Hedging the Simple Seven ETF Portfolio

In the last blog entry yesterday, I proposed a simple seven ETF portfolio that generated a Return/Uncertainty ratio of 0.57.  This is very close to our baseline of something greater than 0.60.  In the following portfolio, assume one sold off the 10% holding in VTI and shifted those assets over to the ultra-short SDS ETF.  There needs to be some reason for making the shift, but for now, assume those reasons are valid.  Under today's conditions, what does such a portfolio look like. We call this hedging.

[Read more...]

Rule #4 of Investing

When we get up this high in the numbering system, to use the word Rule sounds a tad stiff or rigid. It might go down a bit easier if one were to think of Rule #4 as a suggestion or guideline. Regardless, this next idea builds off Rule #3 of building a portfolio. In the first two rules we determined the importance of saving and staying disciplined with our program. Now we need to know what to do with the money we have saved. Portfolio planning is the next step and in this Rule #4 or suggestion we get a bit more specific. Keep in mind that after saving, asset allocation is the most important decision one will make in preparation for retirement.  At least it is one we can control. I only wish I had known this forty years ago.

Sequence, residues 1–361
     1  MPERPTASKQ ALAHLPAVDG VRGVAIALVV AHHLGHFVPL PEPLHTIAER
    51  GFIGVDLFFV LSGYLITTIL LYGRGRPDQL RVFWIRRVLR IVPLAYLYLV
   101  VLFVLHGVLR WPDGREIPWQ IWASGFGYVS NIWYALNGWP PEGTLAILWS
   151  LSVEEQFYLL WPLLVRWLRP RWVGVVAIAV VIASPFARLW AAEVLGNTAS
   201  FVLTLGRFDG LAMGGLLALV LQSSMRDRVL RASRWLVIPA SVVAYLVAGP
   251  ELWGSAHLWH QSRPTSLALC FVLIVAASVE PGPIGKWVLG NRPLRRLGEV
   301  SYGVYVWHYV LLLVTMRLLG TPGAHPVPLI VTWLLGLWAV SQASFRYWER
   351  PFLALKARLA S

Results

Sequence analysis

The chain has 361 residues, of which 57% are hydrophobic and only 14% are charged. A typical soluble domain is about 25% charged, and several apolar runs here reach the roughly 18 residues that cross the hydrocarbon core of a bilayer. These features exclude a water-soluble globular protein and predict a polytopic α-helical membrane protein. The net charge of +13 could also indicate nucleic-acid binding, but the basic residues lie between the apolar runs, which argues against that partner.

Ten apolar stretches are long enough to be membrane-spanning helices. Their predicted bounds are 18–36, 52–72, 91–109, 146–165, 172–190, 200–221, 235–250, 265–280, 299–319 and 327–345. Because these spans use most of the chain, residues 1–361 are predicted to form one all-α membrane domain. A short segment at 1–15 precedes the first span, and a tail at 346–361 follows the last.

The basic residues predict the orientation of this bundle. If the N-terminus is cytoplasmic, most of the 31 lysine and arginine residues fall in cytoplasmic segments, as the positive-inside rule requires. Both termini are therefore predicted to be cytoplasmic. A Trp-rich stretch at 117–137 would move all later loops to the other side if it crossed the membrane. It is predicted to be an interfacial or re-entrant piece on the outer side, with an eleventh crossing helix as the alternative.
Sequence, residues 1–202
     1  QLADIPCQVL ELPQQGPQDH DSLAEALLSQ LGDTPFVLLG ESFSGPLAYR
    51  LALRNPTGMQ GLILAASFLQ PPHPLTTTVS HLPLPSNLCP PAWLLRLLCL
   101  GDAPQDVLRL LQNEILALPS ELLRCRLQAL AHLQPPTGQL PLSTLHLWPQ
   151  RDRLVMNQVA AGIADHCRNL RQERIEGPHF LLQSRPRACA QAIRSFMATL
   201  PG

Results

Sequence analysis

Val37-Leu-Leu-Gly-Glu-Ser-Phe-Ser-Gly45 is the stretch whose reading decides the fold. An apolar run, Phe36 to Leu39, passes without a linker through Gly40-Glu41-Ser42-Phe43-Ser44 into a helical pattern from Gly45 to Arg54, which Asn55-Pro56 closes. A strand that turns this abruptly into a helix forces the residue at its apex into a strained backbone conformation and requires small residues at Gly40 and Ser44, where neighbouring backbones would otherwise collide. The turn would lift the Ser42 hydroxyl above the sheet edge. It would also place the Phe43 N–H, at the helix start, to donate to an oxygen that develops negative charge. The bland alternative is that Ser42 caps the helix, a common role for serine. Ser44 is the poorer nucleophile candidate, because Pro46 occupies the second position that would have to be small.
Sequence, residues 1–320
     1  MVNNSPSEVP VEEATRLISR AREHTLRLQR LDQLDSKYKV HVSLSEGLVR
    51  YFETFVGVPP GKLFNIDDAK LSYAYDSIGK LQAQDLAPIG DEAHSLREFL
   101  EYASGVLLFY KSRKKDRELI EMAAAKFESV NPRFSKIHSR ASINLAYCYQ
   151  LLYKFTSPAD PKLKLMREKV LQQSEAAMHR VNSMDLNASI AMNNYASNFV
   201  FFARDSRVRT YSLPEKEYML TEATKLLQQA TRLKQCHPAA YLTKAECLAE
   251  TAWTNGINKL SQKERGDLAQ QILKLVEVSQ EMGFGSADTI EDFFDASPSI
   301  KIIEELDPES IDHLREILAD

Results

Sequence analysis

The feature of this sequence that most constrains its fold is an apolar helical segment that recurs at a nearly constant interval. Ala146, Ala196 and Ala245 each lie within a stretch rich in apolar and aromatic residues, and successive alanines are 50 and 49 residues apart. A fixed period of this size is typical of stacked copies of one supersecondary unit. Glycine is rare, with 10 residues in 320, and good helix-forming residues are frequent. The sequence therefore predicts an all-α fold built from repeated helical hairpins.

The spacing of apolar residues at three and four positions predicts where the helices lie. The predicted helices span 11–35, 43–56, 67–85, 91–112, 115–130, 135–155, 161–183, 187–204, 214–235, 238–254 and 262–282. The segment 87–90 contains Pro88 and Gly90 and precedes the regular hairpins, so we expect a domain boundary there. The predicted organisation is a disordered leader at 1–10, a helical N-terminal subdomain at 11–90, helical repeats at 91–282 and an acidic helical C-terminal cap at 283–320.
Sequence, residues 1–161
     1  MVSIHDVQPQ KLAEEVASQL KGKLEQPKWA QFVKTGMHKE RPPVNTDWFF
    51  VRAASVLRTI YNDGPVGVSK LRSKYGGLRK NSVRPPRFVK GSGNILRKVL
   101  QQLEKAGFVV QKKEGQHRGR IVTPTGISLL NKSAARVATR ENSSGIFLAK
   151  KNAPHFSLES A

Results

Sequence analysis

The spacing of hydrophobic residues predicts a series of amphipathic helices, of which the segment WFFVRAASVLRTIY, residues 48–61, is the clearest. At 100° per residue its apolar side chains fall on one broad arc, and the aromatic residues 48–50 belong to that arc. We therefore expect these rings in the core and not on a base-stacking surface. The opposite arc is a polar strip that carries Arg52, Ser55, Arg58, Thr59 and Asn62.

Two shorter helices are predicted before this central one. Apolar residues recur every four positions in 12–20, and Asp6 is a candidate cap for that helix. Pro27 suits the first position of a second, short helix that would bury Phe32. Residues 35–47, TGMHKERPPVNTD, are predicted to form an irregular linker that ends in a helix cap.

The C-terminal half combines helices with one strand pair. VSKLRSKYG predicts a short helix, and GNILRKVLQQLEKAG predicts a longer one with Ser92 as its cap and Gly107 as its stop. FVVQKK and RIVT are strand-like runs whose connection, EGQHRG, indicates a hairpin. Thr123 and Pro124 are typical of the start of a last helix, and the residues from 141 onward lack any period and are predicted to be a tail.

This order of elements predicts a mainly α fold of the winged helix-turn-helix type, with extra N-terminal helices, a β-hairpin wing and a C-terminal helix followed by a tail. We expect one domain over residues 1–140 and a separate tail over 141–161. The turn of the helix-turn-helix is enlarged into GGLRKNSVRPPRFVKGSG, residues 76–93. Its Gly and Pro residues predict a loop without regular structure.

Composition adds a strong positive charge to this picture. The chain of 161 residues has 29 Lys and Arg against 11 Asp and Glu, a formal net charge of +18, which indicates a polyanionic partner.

Rule #4 is to develop an asset allocation plan that fits you, the small investor — or you may be a large investor. Regardless, set up an asset allocation plan keeping in mind the following ideas.

1) The asset allocation plan will take into consideration where you are in your life span. As suggested many times on this blog, to help in the asset allocation planning process, investors should take the Risk Capacity Survey over on the http://www.ifa.com web site.

2) Understand your tolerance for risk. The Risk Capacity Survey will help. Don’t be over confident and if you think you are leaning in that direction, remember 2000 – 2003 and 2008. Black Swan events happen more frequently than the laws of probability would dictate.

3) Know your financial situation. If you built up a nice nest egg, do not throw it away by investing on the edge of your risk tolerance. We attempt to take this into account as we build portfolios.  Platinum members have access to excellent examples.  Don’t push your luck. In the process of considering your financial situation, do you have money set aside for a job layoff? Is the house paid for or can you pay your rent? Are credit cards down to a zero balance at the end of the month? Are you properly insured? As you get older, do you really need that life insurance policy? Think through your financial situation as you contemplate putting together an asset allocation plan.

At this point, we have a saving plan in operation and we are committed to sticking with it. We are paying down debt or we have no high interest debt. We are, with Rule #4, moving into the fun areas of investing.

Photograph: Santorini, Greece